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Changing Minds, Opening Minds

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Anti-stigma Campaigns aren’t just for the Public

 

By Ellen Nielsen

Spring 2010, Volume 13 no 3


" You are not making any sense. Go home and come back when you are able to make sense.”

These are the words one Calgary, Alberta–based lawyer heard from her family doctor, after she became incoherent and disoriented in court and a concerned colleague rushed her to the doctor. Despite her psychotic state, Dora Herceg did go home that day. She was later diagnosed with schizoaffective disorder, with bipolar and neurological aspects.

Most health care workers would be horrified to know a person in need of care was treated this way. After all, health care workers generally choose their professions because they care about people and want to make a difference.

It would be one thing if Herceg’s experience were an anomaly. Unfortunately, she, like many others with mental health issues, reports that she regularly experienced stigmatizing attitudes and behaviour on her journey through the health care system.

Stigma is a term once used to refer to a mark branded into the skin of slaves and criminals, so others would know to shun them, especially in public. It may no longer be acceptable to mark people for the purpose of stigmatizing them, but stigma still exists. Mental illness is one area where this mark remains.

It emerged clearly through the cross-country hearings of the Standing Senate Committee on Social Affairs, Science and Technology, as part of the federal government’s look at the status of mental health in Canada. The hearings constituted the most extensive public consultation process ever conducted in Canada on the subject. What was repeated over and over in the course of 130 hours of hearings, with more than 300 witnesses, was that stigma is the issue consumers identify as the biggest problem they face – more so than the illness itself. Consumers described how stigma affects the way they feel about themselves, how it discourages them from seeking treatment, and, consequently, how it affects the amount of time it takes them to recover – if at all.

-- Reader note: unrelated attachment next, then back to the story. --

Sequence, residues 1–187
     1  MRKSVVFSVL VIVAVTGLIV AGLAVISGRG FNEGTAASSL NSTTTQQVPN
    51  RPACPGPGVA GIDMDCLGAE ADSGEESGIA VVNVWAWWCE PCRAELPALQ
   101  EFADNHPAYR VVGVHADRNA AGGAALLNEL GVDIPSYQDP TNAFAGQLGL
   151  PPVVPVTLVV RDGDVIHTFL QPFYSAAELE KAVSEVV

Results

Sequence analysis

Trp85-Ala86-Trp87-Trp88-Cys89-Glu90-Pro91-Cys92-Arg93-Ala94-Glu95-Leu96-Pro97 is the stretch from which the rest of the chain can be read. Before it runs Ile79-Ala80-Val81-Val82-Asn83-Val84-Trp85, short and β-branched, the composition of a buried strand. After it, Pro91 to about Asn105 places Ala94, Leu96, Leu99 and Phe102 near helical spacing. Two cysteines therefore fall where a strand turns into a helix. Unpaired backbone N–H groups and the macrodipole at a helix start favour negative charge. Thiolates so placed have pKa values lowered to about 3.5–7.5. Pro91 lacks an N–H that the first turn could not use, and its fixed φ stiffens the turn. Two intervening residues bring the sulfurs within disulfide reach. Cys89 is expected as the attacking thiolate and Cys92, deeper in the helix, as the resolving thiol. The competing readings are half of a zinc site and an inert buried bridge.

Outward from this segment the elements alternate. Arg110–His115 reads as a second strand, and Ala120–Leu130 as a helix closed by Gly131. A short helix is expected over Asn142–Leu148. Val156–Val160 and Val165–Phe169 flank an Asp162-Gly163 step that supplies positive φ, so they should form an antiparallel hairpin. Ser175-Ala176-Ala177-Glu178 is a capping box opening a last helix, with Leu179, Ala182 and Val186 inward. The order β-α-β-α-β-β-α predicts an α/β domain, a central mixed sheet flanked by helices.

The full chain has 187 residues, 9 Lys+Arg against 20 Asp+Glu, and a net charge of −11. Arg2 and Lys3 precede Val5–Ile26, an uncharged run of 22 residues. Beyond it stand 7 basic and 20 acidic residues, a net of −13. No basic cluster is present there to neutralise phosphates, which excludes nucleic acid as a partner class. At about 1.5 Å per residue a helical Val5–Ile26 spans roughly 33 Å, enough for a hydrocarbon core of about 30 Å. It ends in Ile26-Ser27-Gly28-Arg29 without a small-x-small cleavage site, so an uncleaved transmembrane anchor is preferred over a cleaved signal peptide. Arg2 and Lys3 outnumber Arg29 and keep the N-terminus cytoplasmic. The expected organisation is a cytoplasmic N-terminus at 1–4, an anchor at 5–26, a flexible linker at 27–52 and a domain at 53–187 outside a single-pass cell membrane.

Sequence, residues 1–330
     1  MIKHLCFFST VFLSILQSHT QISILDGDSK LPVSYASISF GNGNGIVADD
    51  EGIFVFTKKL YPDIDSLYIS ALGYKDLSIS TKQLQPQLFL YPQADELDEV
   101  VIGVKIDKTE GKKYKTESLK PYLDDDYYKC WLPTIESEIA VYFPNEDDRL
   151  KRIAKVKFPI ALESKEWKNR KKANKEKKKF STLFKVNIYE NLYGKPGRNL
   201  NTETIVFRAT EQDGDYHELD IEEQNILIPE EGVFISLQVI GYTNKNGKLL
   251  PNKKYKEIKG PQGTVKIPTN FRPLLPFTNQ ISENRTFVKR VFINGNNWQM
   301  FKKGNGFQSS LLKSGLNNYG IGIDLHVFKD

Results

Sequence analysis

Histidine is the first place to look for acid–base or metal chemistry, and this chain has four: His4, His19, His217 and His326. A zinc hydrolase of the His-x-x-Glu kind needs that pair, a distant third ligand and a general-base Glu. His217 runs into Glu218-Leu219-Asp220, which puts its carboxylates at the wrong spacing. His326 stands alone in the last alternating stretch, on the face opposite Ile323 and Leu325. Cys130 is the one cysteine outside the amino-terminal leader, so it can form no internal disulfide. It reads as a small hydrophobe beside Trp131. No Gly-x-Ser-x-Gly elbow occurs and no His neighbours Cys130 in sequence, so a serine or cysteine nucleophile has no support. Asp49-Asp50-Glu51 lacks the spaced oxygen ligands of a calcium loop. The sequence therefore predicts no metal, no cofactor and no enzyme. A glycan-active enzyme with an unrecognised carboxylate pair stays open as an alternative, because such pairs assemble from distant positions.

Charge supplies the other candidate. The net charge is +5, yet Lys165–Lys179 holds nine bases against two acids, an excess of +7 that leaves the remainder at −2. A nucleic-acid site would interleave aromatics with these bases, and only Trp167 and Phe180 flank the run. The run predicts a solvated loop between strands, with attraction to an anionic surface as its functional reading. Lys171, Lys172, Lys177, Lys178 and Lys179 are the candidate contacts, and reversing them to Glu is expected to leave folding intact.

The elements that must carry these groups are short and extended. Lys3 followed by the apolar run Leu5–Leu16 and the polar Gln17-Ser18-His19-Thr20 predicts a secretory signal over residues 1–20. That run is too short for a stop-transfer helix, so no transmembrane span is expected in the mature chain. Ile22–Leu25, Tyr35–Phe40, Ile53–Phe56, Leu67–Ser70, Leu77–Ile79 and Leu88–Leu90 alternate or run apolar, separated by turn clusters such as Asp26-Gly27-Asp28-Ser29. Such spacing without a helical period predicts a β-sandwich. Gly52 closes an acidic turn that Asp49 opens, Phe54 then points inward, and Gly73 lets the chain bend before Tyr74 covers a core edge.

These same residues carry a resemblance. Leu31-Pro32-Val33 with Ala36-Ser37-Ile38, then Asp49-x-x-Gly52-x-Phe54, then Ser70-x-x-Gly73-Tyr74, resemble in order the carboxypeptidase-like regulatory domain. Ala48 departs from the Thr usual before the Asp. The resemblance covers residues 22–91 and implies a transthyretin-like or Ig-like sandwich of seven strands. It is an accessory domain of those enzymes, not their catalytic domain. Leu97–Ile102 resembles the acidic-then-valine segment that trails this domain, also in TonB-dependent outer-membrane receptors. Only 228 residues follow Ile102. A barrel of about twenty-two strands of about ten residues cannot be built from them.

Describing stigma is one thing, but acting on it is another. When the Mental Health Commission of Canada was formed out of the hearing recommendations, it was this need to act that prompted the development of its Opening Minds campaign, a 10-year anti-stigma / anti-discrimination initiative designed to change the attitudes and behaviours of Canadians towards those with mental illness. Although stigma pervades society, the campaign’s initial focus is on two groups – youth and health care professionals.

Health care workers have been targeted because it is on the front lines of health care that people seeking help have reported some of the most deeply felt stigma and discrimination. Research has found that people with mental illness often report feeling patronized, punished or humiliated in their contact with health care providers. Psychiatrist and stigma researcher Dr. Graham Thornicroft has found that they may be spoken to as if they were children, ignored in decision-making, and written off as incapable of responsibility. Health care workers also often view people with mental illness as difficult, less deserving of care, manipulative, attention-seeking, annoying and in control of their own behaviour – remember the advice Dora Herceg’s doctor gave her?

Despite strong evidence that recovery is much more common than people think (including for those with severe mental illness), some health care providers continue to believe that mental illness automatically consigns people to a slow and difficult downward slide. This profoundly affects hope and recovery in a population that needs support and understanding.

Stigma can translate into long wait times because mental health conditions are not considered serious. When Dora’s husband took her to the ER later on that day her doctor sent her home, they were shuttled into a quiet area to “wait it out.” It wasn’t until 12 hours later that Dora and her husband saw a second ER doctor, who realized Dora needed to be admitted right away.

Stigma also leads to a 70 per cent misdiagnosis rate. The doctor at the walk-in clinic Dora and her husband visited before going to the ER thought she was pregnant – as though that is how pregnant women behave! And stigma is implicated in the average 10-year delay from first seeking help to getting an accurate diagnosis.

Another manifestation of stigma is diagnostic overshadowing, a dismissal of other, physical conditions as “all in your head,” which means these issues go untreated. Thornicroft and other researchers have found that people with mental illness who seek treatment for physical problems often receive sub-standard levels of care, resulting in higher rates of infections; post-operative complications, including death; and longer stays in hospital.